When you find an attorney for your case, the last thing you ever want to do is hire someone who is working for the other party. Why? There's a distinct conflict of interests if you decide to work with someone who also has an interest in helping the other person win his or her case.
When there is a conflict of interests, it's hard to tell if your attorney will do his or her best to support your claims. He or she might be in a position to make more money or to get more benefits by helping the other party win.
Of course, choosing an attorney who is working with the other party is an extreme example. Other attorneys can have a conflict of interests even if they aren't working with the other party.
What creates a conflict of interests?
There are many things that could create a conflict of interests. For example, if you're being tried for a case in which you're accused of killing a pedestrian, it probably wouldn't be a good idea for an attorney who lost a loved one in a pedestrian accident to represent you if he or she can't fully support your case. Likewise, if your attorney is only working with you but his or her firm is working with the other party, it may not be in the firm's interest for you to win the case. That's why you need to do your research and make sure the attorney only has your interests at heart.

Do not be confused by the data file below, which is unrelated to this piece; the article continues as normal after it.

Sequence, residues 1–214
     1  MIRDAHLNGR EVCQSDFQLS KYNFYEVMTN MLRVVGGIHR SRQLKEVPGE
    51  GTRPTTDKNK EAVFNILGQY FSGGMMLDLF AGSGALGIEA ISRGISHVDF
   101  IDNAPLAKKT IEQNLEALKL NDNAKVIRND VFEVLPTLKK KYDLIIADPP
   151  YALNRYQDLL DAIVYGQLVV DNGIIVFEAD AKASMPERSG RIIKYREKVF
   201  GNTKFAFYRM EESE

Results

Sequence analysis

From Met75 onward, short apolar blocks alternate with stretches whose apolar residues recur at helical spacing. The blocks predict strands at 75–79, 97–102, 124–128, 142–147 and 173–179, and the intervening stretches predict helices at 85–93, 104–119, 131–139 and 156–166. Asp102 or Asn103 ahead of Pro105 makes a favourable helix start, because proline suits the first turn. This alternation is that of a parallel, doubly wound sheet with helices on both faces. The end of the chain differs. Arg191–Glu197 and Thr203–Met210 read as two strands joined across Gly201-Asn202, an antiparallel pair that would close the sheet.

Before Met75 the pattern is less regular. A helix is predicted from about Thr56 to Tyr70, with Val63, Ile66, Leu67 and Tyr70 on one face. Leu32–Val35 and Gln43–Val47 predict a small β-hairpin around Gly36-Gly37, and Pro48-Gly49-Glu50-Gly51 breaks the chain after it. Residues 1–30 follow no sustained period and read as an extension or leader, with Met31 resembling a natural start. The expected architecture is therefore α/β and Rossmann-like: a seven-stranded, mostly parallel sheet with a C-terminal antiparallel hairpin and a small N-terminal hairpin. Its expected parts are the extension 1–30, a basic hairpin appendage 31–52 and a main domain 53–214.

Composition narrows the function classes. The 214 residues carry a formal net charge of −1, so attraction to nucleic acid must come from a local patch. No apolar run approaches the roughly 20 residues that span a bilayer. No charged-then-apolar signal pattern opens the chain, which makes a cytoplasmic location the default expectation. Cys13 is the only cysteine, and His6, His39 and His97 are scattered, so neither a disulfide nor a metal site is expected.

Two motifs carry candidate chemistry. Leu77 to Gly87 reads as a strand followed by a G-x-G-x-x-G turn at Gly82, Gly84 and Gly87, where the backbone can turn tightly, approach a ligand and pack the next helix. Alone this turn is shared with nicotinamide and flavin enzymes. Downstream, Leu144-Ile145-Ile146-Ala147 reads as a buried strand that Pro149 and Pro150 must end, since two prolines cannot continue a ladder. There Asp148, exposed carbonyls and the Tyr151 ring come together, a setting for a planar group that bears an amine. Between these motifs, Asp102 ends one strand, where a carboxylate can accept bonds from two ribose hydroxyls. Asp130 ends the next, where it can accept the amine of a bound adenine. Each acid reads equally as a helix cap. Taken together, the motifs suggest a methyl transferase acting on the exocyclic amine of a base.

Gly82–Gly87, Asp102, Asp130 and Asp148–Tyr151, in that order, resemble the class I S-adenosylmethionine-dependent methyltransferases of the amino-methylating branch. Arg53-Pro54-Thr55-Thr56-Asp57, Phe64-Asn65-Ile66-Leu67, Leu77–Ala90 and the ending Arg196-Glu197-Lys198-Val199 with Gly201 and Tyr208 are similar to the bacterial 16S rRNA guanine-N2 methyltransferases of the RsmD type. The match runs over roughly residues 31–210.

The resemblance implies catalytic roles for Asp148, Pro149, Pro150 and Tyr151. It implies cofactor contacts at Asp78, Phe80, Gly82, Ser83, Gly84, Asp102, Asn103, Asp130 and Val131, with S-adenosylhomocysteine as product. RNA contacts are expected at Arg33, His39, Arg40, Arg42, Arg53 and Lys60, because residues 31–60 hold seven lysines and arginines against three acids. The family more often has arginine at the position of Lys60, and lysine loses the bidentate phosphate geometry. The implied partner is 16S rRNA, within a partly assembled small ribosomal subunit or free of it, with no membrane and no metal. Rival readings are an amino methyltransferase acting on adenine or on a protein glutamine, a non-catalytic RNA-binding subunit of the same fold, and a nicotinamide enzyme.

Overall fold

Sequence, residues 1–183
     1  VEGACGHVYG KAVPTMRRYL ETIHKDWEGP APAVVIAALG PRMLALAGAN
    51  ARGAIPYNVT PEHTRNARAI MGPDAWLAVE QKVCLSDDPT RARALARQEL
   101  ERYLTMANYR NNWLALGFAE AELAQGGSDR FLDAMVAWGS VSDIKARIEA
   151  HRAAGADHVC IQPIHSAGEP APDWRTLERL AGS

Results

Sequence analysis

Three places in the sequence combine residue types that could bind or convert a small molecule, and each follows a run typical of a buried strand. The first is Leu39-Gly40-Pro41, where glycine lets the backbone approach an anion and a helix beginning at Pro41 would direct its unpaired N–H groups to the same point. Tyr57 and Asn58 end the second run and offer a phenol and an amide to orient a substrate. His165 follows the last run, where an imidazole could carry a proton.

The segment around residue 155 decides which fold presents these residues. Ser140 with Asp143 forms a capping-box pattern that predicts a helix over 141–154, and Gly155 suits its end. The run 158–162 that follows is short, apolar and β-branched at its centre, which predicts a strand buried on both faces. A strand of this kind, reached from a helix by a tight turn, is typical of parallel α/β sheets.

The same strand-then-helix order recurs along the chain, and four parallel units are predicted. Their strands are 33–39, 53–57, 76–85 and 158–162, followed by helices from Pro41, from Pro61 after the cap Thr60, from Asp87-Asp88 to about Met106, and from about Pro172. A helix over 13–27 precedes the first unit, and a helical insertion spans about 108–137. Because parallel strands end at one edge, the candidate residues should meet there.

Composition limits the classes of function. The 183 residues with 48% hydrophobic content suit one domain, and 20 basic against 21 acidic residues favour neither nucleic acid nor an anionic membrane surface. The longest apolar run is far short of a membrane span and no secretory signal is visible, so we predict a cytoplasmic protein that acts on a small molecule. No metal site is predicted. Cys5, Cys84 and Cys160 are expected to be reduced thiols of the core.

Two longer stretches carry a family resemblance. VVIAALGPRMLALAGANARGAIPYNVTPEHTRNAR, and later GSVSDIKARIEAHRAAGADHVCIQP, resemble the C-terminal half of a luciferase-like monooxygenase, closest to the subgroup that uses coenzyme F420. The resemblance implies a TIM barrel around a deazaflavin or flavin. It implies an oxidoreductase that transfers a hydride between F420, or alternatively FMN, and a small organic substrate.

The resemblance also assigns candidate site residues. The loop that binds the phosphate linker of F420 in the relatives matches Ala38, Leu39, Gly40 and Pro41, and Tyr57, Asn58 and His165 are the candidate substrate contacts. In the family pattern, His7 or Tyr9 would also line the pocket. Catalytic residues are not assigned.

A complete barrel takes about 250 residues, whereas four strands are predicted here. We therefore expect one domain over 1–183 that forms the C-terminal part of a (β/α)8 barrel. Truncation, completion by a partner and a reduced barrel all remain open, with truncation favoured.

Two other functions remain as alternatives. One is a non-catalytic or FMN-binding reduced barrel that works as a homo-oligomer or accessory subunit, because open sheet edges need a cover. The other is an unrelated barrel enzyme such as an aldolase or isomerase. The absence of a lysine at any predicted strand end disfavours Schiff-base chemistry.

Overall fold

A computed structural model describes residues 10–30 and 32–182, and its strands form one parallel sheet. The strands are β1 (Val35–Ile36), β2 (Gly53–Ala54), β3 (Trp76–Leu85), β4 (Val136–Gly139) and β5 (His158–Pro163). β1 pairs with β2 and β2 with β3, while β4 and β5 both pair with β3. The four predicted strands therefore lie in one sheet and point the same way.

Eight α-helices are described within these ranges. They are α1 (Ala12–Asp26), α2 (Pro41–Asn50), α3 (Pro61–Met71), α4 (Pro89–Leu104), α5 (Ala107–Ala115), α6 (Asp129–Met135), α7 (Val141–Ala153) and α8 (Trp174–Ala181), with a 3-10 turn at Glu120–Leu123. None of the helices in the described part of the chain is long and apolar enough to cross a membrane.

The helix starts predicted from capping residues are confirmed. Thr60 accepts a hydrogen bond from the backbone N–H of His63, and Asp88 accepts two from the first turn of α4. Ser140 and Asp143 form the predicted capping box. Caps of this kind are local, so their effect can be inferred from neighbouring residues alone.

What should you do if your attorney has a conflict of interest?
Normally, an attorney should be clear with you if he or she has a conflict, so you can find someone else to work with. If he or she doesn't tell you and you find out after you lose your case, you may have a legal malpractice claim against the attorney.